South Dakota Landlord Forms
South Dakota Landlord Forms are crucial to have available at all times, throughout the course of every tenancy. It is imperative to make sure that you have comprehensive South Dakota Landlord Forms always on hand, not just the basic landlord forms. Situations may arise suddenly that requires a specific landlord form and you want to make sure it is available.
The Residential Rental Agreement gives comprehensive details of the terms of the lease and the responsibilities of the parties as well as date that the lease begins and ends. Obtaining signatures on the written lease agreement serves as proof that the tenant understands and accepts the terms of the lease. This information potentially serves as evidence should the tenancy go bad and you file an eviction or other action against the tenant.
The South Dakota Codified Laws state that when a landlord requires a security deposit the maximum amount of security deposit cannot exceed an amount equal to a one month rent payment, with few exceptions. The Rental Deposit Form describes the deposits required of the tenant. Once the tenant vacates the premises the landlord returns the deposit, minus any fees for past due rent or damages to the property that are the fault of the tenant or the tenant’s guests, except for normal wear and tear. The Disposition of Security Deposit explains any deductions from the security deposit. The landlord sends the notice to the tenants’ forwarding address, along with the remaining amount of the security deposit.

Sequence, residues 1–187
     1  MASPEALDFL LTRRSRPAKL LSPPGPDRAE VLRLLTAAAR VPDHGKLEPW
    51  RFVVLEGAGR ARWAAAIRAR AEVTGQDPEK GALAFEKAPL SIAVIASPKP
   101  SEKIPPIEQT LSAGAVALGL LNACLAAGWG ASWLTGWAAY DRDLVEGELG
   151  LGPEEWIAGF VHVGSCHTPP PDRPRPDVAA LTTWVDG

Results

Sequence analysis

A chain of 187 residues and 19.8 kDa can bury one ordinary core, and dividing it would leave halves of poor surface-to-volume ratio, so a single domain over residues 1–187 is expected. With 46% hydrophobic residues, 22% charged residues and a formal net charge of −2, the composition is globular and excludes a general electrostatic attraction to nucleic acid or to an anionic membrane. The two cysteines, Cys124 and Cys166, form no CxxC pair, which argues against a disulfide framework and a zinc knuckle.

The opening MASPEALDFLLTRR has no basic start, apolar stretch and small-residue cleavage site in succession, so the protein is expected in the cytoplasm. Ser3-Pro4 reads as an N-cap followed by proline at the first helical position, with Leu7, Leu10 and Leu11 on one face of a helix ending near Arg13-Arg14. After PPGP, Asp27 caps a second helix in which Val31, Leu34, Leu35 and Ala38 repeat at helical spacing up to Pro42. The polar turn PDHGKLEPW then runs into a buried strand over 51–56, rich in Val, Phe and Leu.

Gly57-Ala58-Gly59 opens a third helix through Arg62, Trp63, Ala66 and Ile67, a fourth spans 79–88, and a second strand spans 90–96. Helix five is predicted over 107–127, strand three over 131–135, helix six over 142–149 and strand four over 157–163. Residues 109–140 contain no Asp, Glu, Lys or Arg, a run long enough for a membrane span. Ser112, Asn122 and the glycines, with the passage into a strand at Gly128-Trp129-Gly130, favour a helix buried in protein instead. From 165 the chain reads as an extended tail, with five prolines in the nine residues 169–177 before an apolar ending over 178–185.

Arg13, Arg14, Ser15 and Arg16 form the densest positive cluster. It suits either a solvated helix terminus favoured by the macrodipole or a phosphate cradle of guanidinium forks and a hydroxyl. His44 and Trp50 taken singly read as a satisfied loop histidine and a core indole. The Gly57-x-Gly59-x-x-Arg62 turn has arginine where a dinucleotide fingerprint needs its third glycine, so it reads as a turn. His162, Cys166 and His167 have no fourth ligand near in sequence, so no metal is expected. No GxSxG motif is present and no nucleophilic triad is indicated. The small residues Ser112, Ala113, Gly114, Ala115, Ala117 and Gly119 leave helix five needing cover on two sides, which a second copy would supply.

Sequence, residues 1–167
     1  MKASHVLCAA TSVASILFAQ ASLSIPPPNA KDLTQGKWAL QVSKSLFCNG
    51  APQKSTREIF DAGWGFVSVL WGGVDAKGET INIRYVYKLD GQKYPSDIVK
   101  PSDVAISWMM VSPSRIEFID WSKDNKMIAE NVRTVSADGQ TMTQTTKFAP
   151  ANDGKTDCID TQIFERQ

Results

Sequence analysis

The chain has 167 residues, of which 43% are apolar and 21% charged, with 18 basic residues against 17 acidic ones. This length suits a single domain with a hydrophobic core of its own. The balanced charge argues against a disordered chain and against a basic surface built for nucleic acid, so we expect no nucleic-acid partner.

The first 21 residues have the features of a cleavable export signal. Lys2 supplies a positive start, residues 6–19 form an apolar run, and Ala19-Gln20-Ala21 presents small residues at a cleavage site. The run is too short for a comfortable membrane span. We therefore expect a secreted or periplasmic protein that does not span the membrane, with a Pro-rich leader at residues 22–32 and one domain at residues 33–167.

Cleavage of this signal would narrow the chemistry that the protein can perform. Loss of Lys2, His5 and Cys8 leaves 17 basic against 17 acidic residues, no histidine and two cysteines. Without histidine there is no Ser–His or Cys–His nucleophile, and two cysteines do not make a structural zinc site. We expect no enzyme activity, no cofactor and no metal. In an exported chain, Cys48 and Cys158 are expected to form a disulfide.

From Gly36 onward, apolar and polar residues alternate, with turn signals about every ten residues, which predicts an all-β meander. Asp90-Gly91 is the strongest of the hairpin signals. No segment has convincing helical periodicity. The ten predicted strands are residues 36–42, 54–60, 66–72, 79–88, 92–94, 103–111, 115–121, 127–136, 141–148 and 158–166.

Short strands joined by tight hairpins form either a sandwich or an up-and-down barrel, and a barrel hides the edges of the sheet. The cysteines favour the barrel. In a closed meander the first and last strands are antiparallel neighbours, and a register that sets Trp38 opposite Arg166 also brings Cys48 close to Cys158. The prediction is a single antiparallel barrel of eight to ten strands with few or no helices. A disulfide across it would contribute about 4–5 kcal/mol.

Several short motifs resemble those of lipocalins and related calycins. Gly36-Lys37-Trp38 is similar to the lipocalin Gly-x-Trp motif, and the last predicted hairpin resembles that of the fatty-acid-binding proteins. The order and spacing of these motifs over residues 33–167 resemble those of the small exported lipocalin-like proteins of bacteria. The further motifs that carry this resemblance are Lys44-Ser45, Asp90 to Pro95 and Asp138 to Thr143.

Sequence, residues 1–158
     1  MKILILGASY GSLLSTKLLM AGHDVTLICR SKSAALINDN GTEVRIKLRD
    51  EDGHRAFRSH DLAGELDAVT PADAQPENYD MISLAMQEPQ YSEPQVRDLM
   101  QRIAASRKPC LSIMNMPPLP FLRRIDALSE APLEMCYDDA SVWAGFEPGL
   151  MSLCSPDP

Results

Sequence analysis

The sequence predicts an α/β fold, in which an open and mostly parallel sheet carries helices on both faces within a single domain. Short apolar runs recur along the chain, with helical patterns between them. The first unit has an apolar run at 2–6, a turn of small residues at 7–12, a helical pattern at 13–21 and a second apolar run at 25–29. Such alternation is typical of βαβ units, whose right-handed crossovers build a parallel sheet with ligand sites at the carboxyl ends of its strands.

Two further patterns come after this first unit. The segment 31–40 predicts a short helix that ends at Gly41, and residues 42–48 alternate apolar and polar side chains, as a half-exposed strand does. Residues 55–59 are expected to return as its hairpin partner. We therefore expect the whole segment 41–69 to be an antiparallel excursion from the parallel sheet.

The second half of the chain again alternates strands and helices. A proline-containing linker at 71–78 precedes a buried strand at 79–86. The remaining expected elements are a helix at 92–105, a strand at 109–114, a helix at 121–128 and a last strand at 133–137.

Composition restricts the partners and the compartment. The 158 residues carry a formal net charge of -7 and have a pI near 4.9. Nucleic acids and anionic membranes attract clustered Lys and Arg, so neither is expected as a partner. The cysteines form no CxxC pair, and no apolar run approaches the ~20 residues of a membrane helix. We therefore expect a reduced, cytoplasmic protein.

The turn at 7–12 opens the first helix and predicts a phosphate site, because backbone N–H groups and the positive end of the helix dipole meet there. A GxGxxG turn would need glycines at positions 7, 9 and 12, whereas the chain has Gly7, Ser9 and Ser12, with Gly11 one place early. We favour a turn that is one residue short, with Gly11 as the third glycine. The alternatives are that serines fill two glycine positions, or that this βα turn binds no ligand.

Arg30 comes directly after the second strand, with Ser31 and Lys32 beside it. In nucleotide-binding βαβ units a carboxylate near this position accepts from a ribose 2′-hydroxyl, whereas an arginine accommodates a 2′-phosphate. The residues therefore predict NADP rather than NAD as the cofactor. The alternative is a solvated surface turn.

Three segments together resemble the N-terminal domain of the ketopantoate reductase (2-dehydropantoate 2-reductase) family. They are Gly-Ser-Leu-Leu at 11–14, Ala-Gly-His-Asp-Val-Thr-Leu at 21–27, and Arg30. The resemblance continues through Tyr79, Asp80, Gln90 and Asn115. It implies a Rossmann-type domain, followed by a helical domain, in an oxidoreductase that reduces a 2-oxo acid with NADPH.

It is imperative to conduct the Move In/Move Out Checklist for every tenancy. The landlord and tenant go through the property and make note of any damage or need for repairs at the beginning of the tenancy and again at termination of the tenancy. Any damages present at move out that were not present when the tenant moved in may serve as evidence to any proceedings that include damage to the rental property. It is also a potential defense to a claim that the landlord failed to return the security deposit.
Landlords may hold a tenant responsible for using the premises for any reason other than its intended purpose. Landlords may serve a tenant with the Notice to Perform or Quit in the event that the tenant uses the property for reasons other than as their home or for certain other violations of the lease. If the tenant fails to comply with the terms of the Notice to Perform or Quit the landlord may decide to initiate legal action to evict the tenant from the premises.
No landlord wants to endure the costs and time associated with tenants who fail to pay rent when due, damage the property or conduct illegal activities on the premises. Unfortunately, it sometimes happens. The Past Due Rent notice and the Notice to Pay Rent or Quit compel the tenant to pay rent immediately or face eviction. The Notice of Termination of Tenancy requires the tenant to leave the premises. These notices serve as evidence when needed in an eviction case or for other legal action that you initiate against a tenant.
Having the right South Dakota Landlord Forms makes the process of dealing with these types of situations less time-consuming and less costly than if you wait for your attorney to draw up the necessary forms and then pay the cost of expensive attorney fees. When you obtain all your South Dakota Landlord Forms from the American Apartment Owners Association you save considerable time and expense by getting the comprehensive landlord forms when you need them, not when someone else gets around to creating the necessary forms for you.
The American Apartment Owners Association provides landlord forms nationwide. Looking for a state other than South Dakota?
Visit our State Specific Landlord Forms page to learn more.